Welford National Park

Jundah, Barcoo Area

In Welford National Park, wind-blown sand dunes form a dramatic contrast to white-barked ghost gums, golden-green spinifex and delicate wildflowers. The Barcoo River, with its large, permanent waterholes, dissects Mitchell grass plains and arid mulga woodlands.

Discover the ancient connections the local Aboriginal people have with this land, including water wells and stone arrangements, throughout the park. A rare pise (rammed earth) homestead, built on this former grazing property in 1882, is listed on the National Trust.

Explore the park on the self-guided scenic drives. Watch wildlife, including colourful Major Mitchell cockatoos, mallee ringnecks and red-winged parrots. Take in the views over the park from Sawyers Lookout and try your luck landing a fish for dinner. Set up your tent or park your camper trailer in she shade of red river gums on the Barcoo River.

Image credits:
Landscapes—John Augusteyn © Queensland Government
Sunset—© Mary Hume

Facilities

  • Car park

Other Information

Family Friendly:

Family friendly – please refer to operator's website for services and facilities.
Welford National Park
Jundah, Barcoo Area
Queensland
Australia

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Welford National Park

Jundah, Barcoo Area
Free Entry
In Welford National Park, wind-blown sand dunes form a dramatic contrast to white-barked ghost gums, golden-green spinifex and delicate wildflowers. The Barcoo River, with its large, permanent waterholes, dissects Mitchell grass plains and arid mulga woodlands.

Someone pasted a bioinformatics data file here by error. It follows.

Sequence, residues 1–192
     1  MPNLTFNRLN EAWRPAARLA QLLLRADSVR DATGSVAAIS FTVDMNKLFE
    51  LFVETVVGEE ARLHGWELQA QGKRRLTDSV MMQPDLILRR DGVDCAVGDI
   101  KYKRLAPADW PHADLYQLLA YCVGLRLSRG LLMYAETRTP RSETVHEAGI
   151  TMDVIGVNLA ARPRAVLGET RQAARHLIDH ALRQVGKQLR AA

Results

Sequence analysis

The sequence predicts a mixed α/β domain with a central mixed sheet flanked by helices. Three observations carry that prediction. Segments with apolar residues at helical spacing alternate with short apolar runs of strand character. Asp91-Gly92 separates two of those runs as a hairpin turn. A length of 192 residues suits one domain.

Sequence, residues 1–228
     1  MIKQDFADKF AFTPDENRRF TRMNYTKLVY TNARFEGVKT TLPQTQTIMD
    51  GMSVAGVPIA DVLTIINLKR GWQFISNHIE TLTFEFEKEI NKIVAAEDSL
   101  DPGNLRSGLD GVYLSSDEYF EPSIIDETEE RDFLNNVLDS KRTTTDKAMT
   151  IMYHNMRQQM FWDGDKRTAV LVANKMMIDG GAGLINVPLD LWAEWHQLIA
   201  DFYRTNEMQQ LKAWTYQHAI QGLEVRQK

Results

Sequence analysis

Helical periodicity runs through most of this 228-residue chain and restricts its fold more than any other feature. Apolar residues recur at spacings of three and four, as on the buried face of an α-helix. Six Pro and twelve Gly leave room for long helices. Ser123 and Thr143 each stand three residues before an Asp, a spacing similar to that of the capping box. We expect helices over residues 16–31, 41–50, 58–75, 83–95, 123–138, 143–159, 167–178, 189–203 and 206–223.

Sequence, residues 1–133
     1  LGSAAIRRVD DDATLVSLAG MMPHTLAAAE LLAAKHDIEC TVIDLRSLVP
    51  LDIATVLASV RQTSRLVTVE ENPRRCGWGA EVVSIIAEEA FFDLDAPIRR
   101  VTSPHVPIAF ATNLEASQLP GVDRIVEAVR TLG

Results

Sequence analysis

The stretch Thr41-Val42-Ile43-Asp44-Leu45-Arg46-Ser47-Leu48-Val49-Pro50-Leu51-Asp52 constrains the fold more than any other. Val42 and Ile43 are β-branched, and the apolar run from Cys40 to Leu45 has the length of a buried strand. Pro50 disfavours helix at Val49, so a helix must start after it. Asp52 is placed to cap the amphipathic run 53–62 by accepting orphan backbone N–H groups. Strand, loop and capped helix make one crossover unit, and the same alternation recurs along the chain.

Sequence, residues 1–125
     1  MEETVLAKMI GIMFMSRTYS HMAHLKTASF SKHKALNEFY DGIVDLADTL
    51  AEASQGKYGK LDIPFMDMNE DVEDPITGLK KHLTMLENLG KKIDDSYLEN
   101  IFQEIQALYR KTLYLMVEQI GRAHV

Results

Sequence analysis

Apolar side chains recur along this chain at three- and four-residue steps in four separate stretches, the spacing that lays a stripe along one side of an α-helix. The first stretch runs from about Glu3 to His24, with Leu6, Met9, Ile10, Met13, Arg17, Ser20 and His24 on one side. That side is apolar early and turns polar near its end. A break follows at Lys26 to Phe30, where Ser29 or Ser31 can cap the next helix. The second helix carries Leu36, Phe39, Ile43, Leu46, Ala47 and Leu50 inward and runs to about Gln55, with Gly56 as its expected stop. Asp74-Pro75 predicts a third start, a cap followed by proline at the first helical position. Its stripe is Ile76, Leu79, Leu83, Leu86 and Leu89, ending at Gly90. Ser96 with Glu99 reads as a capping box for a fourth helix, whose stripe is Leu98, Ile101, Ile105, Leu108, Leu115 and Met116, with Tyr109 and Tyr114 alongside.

Hell Hole Gorge National Park

Adavale, Quilpie Area
Free Entry
Hell Hole Gorge National Park is a remote park in the arid mulga lands of south-western Queensland. The park features Hell Hole Waterhole, the largest of several rock pools and seasonal waterholes that provide welcome relief in a harsh, arid landscape.

Mungallala

Mungallala, Maranoa Area
Mungallala, said to mean 'food and water' is the site of a cypress sawmill, located about half way between Mitchell and Morven where the Warrego Highway crosses the Mungallala Creek. Mungallala originated as a railway town and is a wonderful place to stop for lunch and experience the workings of an outback town.

Saddliers Waterhole and Hamburg Creek

Morven, Murweh Area
Free Entry
With a population of less than 250, Morven is thought to be named after a mountain and town of the same name in Scotland. Captain T.J. Saddlier and his wife arrived in the area in the 1860s and camped on a deep waterhole of nearby Hamburg Creek.

Adavale

Adavale, Quilpie Area
Once a thriving town and business centre, Adavale's population has dwindled to around 15 today. Changing the planned railway line from Adavale to what is now Quilpie, was the beginning of the end for this pioneering town's prosperity.

Charleville

Charleville, Murweh Area
Immortalised in Slim Dusty's song by the same name, Charleville is the largest town in Queensland's south west and is a hub for visitors and pastoralists alike. In the heart of 'mulga country', Charleville and surrounding pastoral properties are rich in history, flora and fauna.

Yaraka

Yaraka, Longreach Area
The small township of Yaraka is situated 100 kilometres away from Isisford, nestled between Mesa Hills with the backdrop being the Yang Yang Ranges that offer unique and spectacular picture post card.The gem that Yaraka can offer to visitors is the nearby Mt Slowcombe with a tar sealed road winding its way to the top making it easily accessible even for cars.

Augathella

Augathella, Murweh Area
Augathella, with its fascinating history of bushrangers, bullockies and bullock teams, has some memorable Outback experiences. Don’t just drive through – stop and enjoy Augathella’s colourful history, characters and humour.

Mitchell

Mitchell, Maranoa Area
Soaking in the soothing mineral springs at Mitchell is just one of the surprises that awaits you in this quaint town on the edge of the outback. Just 87 kilometres west of Roma via the Warrego Highway, Mitchell sits peacefully on the banks of the Maranoa River.

Cooladdi

Cooladdi, Murweh Area
On your way to the Quilpie opal fields stop a while in Cooladdi, one of Australia's smallest towns. Cooladdi was once a thriving railway town, but when the rail connection closed the residents slowly drifted away.
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